The Beginners’ Guide To Keto, Explained By A Dietician
One of the top 10 most searched diets in 2019, Keto was also one of the most discussed diets of the year. We saw cafè’s adding bullet-proof coffee to their menus and restaurants and shops dishing up low-carb options. We learned that the possibilities with cauliflower are endless!
But even with all the great press keto has been receiving, here at WH we don’t always trust the hype. Which is why we chatted to registered dietician and Association for Dietetics in South Africa (ADSA) spokesperson Maryke Gallagher to find out all the details around the diet — like what you can eat, is it healthy and, after all that cheese, can you actually lose weight?
Okay, so what exactly is the keto diet?
Short for the ketogenic diet, this diet is all about eating meals that are low in carbohydrates and high in fat. This causes the body to use ketones as an energy source instead of glucose. “When no glucose is available, the body starts breaking down stored fat for energy, which releases ketones to generate energy. This metabolic process is called ketosis,” says Gallagher.
A typical keto diet looks something like this: 75% of calories from fat, 20% of calories from protein and 5% of calories from carbs.
Gallagher explains that this means restricting carbohydrate intake to 20-50g per day, depending on your calorie needs. To put this into perspective, 1 cup of blueberries contains 21g of carbohydrates (your whole day’s carbohydrate allowance) and 50g almonds contain 10g of carbohydrates (half of your day’s allowance).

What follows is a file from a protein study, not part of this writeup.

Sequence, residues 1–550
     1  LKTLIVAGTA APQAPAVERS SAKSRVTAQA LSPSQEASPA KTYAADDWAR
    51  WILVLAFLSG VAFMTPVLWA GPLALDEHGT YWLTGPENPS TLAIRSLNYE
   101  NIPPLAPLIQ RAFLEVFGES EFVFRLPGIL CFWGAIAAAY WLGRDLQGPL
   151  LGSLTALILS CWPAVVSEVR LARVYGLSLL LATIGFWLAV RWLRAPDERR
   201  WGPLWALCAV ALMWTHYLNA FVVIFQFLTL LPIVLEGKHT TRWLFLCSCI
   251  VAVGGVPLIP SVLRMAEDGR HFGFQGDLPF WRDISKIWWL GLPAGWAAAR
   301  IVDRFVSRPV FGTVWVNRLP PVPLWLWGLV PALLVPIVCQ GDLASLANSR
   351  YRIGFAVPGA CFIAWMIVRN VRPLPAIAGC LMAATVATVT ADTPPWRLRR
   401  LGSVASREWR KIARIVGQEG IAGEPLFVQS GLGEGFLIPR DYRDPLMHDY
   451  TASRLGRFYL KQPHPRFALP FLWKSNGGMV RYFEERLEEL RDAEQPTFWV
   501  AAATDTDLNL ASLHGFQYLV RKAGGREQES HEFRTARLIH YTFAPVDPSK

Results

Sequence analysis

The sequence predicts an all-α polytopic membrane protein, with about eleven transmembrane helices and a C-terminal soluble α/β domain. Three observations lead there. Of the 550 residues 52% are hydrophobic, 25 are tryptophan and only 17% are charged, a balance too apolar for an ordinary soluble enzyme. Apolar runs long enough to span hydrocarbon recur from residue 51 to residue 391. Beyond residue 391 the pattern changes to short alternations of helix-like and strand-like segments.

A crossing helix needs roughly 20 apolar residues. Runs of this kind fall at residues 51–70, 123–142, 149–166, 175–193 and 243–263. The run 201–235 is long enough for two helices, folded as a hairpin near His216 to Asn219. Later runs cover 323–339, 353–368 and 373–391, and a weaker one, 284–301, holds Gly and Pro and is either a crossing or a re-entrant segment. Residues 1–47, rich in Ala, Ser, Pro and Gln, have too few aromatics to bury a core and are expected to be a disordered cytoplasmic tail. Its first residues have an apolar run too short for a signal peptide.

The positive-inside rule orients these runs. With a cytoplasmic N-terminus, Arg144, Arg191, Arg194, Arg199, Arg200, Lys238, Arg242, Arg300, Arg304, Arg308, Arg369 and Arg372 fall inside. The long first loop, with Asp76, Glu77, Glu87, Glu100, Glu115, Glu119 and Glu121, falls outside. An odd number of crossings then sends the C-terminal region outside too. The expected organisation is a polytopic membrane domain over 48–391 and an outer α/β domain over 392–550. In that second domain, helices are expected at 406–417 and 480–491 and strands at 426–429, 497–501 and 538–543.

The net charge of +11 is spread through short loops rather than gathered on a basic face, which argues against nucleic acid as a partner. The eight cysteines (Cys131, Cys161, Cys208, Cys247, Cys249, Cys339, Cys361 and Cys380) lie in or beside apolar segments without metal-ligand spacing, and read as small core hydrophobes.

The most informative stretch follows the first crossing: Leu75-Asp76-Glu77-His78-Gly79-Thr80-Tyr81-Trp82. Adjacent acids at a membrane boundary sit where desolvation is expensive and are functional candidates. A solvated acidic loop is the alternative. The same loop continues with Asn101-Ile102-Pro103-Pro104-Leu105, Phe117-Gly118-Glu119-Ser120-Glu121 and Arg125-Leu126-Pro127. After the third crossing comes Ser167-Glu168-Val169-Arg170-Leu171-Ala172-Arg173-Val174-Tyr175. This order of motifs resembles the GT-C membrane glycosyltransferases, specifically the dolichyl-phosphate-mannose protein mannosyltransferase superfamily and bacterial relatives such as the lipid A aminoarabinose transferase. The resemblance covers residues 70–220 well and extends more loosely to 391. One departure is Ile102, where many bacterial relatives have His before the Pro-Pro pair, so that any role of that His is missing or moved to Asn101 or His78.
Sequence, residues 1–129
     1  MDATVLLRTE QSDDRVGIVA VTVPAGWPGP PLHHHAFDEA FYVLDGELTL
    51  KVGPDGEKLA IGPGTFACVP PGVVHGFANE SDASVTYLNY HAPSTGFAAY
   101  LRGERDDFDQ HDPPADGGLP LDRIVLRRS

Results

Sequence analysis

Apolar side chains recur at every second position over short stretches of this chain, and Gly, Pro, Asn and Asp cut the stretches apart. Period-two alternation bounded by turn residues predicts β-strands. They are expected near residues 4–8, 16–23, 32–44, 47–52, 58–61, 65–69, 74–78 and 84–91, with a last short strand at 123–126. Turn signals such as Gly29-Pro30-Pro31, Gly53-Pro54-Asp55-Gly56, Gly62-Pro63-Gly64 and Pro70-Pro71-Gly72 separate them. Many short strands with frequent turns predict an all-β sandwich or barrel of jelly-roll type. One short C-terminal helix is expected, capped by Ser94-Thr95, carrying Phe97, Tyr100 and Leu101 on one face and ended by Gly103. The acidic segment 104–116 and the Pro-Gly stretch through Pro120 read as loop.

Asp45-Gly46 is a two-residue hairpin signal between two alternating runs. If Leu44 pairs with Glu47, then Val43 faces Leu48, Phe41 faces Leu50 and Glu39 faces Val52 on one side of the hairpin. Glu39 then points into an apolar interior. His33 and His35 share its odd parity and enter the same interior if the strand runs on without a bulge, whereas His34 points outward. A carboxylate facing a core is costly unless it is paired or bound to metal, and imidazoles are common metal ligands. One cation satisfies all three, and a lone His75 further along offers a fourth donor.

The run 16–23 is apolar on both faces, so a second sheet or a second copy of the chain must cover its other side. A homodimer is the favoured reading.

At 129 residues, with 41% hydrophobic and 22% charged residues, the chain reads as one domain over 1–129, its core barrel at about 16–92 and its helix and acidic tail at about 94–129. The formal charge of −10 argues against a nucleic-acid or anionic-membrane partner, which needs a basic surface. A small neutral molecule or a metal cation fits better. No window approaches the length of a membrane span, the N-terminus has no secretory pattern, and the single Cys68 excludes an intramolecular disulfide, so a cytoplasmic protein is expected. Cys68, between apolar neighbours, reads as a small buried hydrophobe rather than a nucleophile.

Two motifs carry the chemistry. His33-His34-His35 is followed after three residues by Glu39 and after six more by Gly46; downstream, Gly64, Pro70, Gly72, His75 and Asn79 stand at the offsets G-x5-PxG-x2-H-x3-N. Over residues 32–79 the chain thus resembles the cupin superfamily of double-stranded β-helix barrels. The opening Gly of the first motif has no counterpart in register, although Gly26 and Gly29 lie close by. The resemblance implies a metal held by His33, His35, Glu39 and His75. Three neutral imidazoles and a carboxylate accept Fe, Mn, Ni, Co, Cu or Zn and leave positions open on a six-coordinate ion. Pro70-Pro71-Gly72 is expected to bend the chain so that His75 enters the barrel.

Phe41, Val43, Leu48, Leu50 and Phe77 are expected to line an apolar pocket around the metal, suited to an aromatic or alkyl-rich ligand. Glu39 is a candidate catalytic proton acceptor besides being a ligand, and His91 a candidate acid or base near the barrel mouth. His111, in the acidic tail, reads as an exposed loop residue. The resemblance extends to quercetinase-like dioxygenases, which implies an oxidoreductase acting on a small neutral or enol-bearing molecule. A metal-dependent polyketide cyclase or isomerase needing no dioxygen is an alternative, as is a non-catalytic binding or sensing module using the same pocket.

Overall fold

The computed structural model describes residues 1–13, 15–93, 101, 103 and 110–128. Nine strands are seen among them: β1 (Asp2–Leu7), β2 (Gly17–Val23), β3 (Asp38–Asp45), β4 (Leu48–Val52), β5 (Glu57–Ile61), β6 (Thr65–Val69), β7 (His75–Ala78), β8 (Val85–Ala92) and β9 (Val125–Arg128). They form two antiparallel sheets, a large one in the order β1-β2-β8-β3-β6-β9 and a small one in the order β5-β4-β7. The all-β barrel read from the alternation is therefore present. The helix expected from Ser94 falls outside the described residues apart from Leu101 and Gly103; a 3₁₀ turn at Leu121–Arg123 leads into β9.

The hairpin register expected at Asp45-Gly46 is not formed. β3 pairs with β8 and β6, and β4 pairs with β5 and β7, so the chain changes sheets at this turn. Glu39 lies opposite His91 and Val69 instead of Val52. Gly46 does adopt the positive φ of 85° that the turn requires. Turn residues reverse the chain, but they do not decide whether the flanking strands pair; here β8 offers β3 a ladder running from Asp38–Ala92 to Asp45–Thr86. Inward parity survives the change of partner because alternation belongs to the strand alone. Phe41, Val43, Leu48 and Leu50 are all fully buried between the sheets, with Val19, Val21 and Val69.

The interesting thing the keto diet is that it was never meant to be about weight loss. In medicine, ketogenic diets were used to control epilepsy. That’s because both ketones and another chemical produced by the diet, called beta-hydroxybutyrate, may help minimise seizures. It became popular in the Seventies when it formed part of the introduction phase of the Atkins diet.
What foods can you eat on a keto diet?
Just because you’re not eating carbs doesn’t necessarily mean you’ll go hungry. The diet is filled with fats like butter, heavy cream and cheese, and lean proteins such as fish and chicken, along with leafy greens and low-carb veg.
What food should be avoided?